11. Crisis 2: Climate change • sustainability; a strategy of mitigation and a logic of precaution • “While cities are a major part of the problem of sustainability, they also have the potential to be a part of the solution. Urban citizens, particularly in developed economies, have lower carbon footprints than rural and suburban citizens as it is easier to deliver services in cities than to people living in lower density population areas.” (Green 2011, 10) • resilience; a strategy of adaptation and a logic of preparedness • “A smarter city infuses information into its physical infrastructure to improve conveniences, facilitate mobility, add efficiencies, conserve energy, improve the quality of air and water, identify problems and fix them quickly, [and] recover rapidly from disasters…” (Kanter & Litow 2009, 2)

  12. Crisis 3: Fiscal austerity • IBM researchers Harrison and Donnelly (2011) state that the core motivation for city governments seeking to adopt the smart city as being grounded in economic development • post-crisis cities are faced with a dual pressure • the entrepreneurial city; a national and an international competition between similarly sized cities for foreign direct investment (FDI) and highly-mobile, highly-skilled workers • post-crisis fiscal austerity in which local and national governments needs to be seen to be doing more with less • the smart city is presented as a precautionary solution • maximise the appeal to FDI and skilled labour • automate the work of governance and civil society to help stop the crisis from deepening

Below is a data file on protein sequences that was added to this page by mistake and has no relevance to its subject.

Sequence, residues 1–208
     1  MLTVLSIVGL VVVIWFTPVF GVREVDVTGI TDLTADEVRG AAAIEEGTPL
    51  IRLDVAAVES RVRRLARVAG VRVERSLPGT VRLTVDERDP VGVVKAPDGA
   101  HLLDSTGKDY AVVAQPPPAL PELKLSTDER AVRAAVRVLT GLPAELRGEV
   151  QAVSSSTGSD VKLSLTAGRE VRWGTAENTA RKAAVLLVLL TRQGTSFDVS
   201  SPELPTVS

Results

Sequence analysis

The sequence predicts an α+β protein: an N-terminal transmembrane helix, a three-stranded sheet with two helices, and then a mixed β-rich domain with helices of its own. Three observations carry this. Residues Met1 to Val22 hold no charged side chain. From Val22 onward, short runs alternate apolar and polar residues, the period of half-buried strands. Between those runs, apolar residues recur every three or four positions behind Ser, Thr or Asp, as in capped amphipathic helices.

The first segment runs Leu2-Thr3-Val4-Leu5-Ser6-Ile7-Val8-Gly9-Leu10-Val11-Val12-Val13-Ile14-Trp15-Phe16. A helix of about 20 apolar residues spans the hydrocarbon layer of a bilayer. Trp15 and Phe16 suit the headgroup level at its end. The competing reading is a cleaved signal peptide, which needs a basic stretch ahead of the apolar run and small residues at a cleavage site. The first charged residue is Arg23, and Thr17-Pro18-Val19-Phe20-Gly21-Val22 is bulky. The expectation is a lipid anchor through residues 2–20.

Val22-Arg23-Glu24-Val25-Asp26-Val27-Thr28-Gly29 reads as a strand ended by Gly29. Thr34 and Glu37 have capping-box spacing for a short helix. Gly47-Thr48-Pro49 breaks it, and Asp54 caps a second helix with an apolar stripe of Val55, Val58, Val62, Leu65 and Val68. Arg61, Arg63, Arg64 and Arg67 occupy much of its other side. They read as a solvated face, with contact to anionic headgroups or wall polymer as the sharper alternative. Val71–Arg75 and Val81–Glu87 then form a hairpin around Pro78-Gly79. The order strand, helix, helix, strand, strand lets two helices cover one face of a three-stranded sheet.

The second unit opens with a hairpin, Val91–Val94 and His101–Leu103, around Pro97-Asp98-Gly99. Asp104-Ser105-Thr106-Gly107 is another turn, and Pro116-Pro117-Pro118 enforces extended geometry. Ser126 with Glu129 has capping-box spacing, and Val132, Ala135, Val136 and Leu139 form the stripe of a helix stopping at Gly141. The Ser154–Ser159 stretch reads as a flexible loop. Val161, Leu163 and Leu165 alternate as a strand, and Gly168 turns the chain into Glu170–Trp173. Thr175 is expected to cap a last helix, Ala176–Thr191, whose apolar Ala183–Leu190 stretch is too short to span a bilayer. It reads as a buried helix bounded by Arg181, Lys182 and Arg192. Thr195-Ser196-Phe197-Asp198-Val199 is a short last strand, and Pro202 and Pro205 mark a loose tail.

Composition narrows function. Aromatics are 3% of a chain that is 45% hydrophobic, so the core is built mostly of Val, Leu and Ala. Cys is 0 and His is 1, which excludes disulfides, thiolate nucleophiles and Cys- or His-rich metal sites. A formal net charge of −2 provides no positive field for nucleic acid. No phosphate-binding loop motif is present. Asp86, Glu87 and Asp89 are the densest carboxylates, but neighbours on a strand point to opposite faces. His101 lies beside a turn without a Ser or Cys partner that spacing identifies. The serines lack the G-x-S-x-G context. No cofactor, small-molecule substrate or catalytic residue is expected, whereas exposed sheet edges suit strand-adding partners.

13. Table 2. Smart city anticipatory logics

  14. Crisis urbanism • anticipatory logics: the smart city would act to secure and discipline valued life • preserving the neoliberal urbanite • producing docile bodies through a socio-technical assemblage of auto-mated measurement and management • “[B]ecause the disaster is incubating within the present, life will remain tensed on the threshold of disaster even if an immediate threat is acted against. Anticipatory action must, therefore, become a permanent part of liberal democracies if disaster is to be averted.” (Anderson 2010, 780)

  15. The normalisation of technocratic solutions • global crises are presented as inherently complex • generalisable solutions exist, but they must be: • technological rather than political • implemented at the local rather than (inter)national scale • lead by private rather than public actors • the normalisation of technological solutions (Morozov 2013), e.g. • growth and the green economy (Wolfram 2012) • labour flexibility and the smart economy (Vanolo 2014) • interwoven with a crisis of representative politics • a re-articulation of power at the city region • the figure of the pragmatic mayor

  16. Privatisation and the post-political • governance/regulation enacted through public-private partnerships • ‘roll-out’ neoliberalism (Peck & Tickell 2002) • the ‘new contractualism’ (Yeatman 2002) • governance as a site of capital accumulation (Gleeson 2014, 68) • binding governance into assurance and procurement contracts • immune from democratic oversight (Raco 2014) • permanent crisis • moving from Klein’s (2007) shock doctrine (Rahm Emanuel: “you never want a serious crisis to go to waste”) • to a state in which crisis itself becomes normalised (Žižek 2010) • capitalism does not solve its crises, so much rearrange them; Harvey’s geographical fix is also a technological fix

  17. Conclusion • purpose of paper • not to refute crises • but to show how the smart city discourse recruits, rearranges, represents and reterritorialises them • Anderson’s (2010) heuristic framework of anticipatory logics shows how futures are rendered actionable in the present to • protect and discipline valued life • normalisation of technocratic solutions, city-scale agency and state privatisation • normalisation of crisis as a strategy of neoliberal governance

  18. Thank YouQ&A Jim Merricks White james.white1@unimelb.edu.au james.white.2014@nuim.ie @jimmerricks